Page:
A part of my Jane-Austen sewing-a-thon* I decided it was finally time I made a proper set of Regency petticoats, and stopped just using my 1910s petticoats, pulled up to the underbust and pinned in place!
The first dress that needed a petticoat was the ca. 1800 Madame Recamier gown. It’s sheer, so it definitely needs a petticoat. It’s also flat fronted, so the petticoat can’t have any front gathers, or it won’t sit smoothly over it. The Madame Recamier gown is based on the ca 1800 bib-front dress in Janet Arnold, and the skirt panels are rectangles – no angles at all.
I went looking for extant examples, period mentions, and period images, and quickly ran into a problem. There aren’t many of any of those.
There is this 1799 caricature, which mostly shows drawers worn without petticoats, though the woman having her stockings pinned up appears to be holding up a pink petticoat with no bodice, and the woman at the far right appears to be wearing a blue un-bodiced petticoat. Neither tells us much about construction, and both are clearly gathered across the front.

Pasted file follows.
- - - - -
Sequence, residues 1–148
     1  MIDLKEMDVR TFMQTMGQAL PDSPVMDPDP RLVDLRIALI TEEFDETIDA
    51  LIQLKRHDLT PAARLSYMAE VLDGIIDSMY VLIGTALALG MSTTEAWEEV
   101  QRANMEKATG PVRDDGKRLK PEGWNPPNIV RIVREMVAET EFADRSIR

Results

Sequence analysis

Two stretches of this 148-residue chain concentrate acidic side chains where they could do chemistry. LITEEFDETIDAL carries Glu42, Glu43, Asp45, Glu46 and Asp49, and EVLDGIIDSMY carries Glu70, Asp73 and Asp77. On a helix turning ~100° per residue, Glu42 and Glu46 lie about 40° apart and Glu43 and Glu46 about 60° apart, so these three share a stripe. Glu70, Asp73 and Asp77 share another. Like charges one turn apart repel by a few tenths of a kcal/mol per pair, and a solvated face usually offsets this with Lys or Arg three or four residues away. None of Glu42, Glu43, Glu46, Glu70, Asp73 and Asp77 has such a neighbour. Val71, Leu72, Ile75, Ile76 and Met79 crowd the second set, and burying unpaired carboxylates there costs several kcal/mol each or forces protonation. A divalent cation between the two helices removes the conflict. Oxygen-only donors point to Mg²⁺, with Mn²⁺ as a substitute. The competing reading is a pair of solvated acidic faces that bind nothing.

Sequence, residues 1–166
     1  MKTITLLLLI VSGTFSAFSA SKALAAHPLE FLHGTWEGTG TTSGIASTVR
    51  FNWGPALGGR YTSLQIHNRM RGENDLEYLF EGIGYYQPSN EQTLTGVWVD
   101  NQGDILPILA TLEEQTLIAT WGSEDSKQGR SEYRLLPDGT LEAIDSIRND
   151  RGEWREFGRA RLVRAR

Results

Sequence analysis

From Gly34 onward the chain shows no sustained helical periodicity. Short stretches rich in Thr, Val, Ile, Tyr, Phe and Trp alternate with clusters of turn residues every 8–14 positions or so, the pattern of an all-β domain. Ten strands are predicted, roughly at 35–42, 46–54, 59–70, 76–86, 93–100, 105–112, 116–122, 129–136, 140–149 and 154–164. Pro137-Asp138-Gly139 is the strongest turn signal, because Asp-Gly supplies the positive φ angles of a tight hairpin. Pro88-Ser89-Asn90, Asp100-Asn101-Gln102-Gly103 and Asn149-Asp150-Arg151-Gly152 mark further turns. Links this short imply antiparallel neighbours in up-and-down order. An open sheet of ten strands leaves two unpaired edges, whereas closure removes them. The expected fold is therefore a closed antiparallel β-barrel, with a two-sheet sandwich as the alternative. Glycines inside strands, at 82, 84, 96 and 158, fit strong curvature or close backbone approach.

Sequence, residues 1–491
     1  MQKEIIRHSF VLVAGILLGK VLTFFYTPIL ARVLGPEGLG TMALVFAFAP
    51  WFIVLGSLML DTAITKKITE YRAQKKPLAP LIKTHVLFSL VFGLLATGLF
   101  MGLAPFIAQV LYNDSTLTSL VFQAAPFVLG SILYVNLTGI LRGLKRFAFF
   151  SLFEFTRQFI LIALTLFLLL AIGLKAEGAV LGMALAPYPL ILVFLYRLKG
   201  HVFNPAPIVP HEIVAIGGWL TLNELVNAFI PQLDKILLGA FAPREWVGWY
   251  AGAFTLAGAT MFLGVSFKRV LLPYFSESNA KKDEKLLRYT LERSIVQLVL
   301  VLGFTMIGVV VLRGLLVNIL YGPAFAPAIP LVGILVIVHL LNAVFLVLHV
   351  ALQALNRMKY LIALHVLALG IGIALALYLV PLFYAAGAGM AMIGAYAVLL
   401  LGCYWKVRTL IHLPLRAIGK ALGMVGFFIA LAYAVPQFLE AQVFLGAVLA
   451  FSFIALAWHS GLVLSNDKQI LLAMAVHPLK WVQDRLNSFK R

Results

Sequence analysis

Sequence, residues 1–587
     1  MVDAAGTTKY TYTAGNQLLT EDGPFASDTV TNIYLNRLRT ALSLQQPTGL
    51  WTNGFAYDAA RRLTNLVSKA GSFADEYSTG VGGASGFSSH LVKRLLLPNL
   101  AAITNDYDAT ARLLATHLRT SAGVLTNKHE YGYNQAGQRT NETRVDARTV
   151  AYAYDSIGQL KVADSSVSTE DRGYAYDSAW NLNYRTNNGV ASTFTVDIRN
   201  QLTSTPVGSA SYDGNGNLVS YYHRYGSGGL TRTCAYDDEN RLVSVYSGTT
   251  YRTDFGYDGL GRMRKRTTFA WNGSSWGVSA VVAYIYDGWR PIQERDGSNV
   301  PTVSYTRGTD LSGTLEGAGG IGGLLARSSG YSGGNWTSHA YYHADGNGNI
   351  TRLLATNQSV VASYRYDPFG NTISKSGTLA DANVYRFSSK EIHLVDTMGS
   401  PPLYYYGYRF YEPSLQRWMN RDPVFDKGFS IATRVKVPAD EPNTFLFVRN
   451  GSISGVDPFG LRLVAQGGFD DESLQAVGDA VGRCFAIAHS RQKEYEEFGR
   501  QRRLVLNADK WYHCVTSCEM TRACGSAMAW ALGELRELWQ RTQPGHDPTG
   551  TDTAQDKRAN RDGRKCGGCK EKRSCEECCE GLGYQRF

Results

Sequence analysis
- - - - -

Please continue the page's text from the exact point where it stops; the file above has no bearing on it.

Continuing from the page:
This image from 1807 shows a dressmaker drafting a pattern which will become the lining of the dress. My guess would be that the client is wearing her shift, stays and petticoat, and that is her dress which is discarded over the chair, but she may be being fitted over the dress, and in any case, the image doesn’t provide enough petticoat information to help me much:
The image in the 1811-18 editions of The Book of Trades shows a clearer view of stays, and what appears to be petticoat with a tucked hem under her stays, but could be a chemise, but which doesn’t provide much construction information in any case:
There is this 1813 fashion plate, which also either shows a long chemise, or a petticoat worn under her stays:
The lack of mention of a petticoat, when all other garments are listed, and the matching trim on chemise and hem, would indicate they were the same garment. It probably looked a bit like this one, and won’t work for me, because the stays would show under the sheer gown.